One of my more popular presentations is called “The Virtual Agency.” In that presentation, I explore the various options available today for creating a 21st-century “office.” As consumer expectations change from physical face-to-face to browsing a website, to interacting via a mobile device, it may be time for you to rethink what your physical office looks like and whether you need a physical location.
I’ve been thinking about this for quite some time, and probably agree with what you’re feeling right now — there are some excellent reasons to have a physical office location. I have a physical office separate from my home. It’s not very big, nor very fancy, but it is a place I go “to work” when I’m not traveling. It actually might be accurate to consider it my “man cave.” You see, I realized some time ago that I am more productive and can concentrate better in a work environment.
Is Your Agency a Place to Go?
That also doesn’t mean I can’t also work effectively in remote locations. I travel quite a bit and often find myself in multiple environments where I need to get work done. These remote offices could be a Panera Bread, a coffee shop, an airline club at an airport, or a not-so-quiet place in an airport (the picture is of me writing an article at the Nashville International Airport while waiting for a flight due to a delay).
Bank 3.0: Why Banking Is No Longer Somewhere You Go, but Something You Do is an interesting book that helped me begin to think differently about the requirements for a physical office. While the book is focused on the banking industry, I saw many parallels to the insurance agency universe.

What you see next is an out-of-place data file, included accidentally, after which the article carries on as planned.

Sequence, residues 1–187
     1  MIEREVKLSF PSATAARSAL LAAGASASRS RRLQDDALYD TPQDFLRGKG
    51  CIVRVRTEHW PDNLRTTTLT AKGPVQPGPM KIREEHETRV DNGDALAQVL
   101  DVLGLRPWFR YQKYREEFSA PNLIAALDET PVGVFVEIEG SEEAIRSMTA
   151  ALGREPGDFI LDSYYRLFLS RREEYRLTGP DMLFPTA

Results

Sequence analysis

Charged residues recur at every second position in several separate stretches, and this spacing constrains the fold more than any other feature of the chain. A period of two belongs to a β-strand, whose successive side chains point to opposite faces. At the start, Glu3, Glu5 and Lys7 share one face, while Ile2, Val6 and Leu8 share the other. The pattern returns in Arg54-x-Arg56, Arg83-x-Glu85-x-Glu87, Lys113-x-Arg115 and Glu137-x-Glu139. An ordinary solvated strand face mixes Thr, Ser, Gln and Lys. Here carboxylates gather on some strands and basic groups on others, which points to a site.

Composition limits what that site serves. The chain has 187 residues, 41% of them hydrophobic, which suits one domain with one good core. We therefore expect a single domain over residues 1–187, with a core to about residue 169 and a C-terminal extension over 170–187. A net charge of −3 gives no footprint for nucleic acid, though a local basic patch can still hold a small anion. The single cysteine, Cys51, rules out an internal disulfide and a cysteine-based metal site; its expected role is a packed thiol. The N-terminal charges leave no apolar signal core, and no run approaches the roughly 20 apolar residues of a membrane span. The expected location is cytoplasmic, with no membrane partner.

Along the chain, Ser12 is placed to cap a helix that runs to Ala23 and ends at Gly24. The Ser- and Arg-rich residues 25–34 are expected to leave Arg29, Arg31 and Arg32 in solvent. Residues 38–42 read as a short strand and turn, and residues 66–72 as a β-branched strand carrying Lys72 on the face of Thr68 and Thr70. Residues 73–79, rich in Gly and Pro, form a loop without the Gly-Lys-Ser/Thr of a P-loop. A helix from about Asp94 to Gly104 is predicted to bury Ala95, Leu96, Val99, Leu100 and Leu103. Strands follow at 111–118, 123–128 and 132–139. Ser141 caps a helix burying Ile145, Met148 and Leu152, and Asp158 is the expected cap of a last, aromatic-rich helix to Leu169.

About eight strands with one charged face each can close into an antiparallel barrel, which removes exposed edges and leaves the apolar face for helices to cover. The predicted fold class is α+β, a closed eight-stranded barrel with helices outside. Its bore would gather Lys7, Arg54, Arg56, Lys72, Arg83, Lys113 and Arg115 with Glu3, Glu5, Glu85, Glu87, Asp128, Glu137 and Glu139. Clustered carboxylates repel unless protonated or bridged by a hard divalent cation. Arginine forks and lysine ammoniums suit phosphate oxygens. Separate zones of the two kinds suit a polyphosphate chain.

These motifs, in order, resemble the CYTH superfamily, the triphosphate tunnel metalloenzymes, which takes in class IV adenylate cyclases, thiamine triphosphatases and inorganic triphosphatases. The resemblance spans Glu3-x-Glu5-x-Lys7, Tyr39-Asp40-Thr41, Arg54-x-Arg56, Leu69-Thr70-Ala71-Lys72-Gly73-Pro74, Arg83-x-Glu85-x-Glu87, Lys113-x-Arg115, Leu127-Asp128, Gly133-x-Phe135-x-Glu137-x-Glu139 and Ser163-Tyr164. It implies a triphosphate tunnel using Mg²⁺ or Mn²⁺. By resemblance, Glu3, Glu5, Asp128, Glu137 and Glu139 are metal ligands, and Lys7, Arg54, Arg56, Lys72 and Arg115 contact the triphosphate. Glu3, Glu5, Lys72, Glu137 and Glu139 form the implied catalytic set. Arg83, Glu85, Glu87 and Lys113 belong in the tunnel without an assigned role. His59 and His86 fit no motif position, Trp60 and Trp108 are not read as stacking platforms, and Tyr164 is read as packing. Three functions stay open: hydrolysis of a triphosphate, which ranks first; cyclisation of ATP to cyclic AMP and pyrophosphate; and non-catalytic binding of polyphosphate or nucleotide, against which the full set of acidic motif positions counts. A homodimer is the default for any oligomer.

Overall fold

One of the recommendations of the book to banks was to think differently about what their branch offices could become. Here are a couple of ideas that could apply to your agency:
- Rent out (or make available for free) empty desk or office space to new startup companies.
- Allow your clients to utilize conference room space for meeting or events.
- Some larger organizations have training rooms that could be used for non-insurance-related events.
- For those with more retail storefront locations, create a coffee shop atmosphere that would bring in people with whom you can start building relationships.
You can probably think of lots of reasons not to do this, but if we indeed are in the relationship business, then how could your current physical office be used to build more relationships with a broader range of consumers and business owners?
For Anson Thompson, owner of The Thompson Group in Parker City, Indiana, it’s rent space at a co-working site in Indianapolis. He uses that for his office when he is in town, and just hangs out there and meets with and helps new startup business owners.
Co-working spaces can also be an excellent option for an organization that wants merely to test the waters in a new city or market. In the old days, we used to call these executive offices.
E | Spaces is a new co-working space that is walking distance from my office in a newly renovated building in downtown Franklin. You can rent an office or workspace by the month. They also have a couple of different sizes of conference rooms you can use by the hour for quick meetings or a small, all-day event.
There are a growing number of co-working spaces that you can choose from. There may be one in your area, or where you might want to experiment opening a new location. Some of the options include WeWork and Regus. There are many others, and a simple Google search for your area should give you the options available.
The cost of space varies depending on several factors. WeWork in Nashville starts at $300 per month for a “Hot Desk.” A hot desk means you do not have a permanent location but pick any available open spot when you arrive. A one-person office goes for $550 per month.
What has been your experience with making space in your office available to outside parties? What about your experience with using a co-working space? Share your comments below.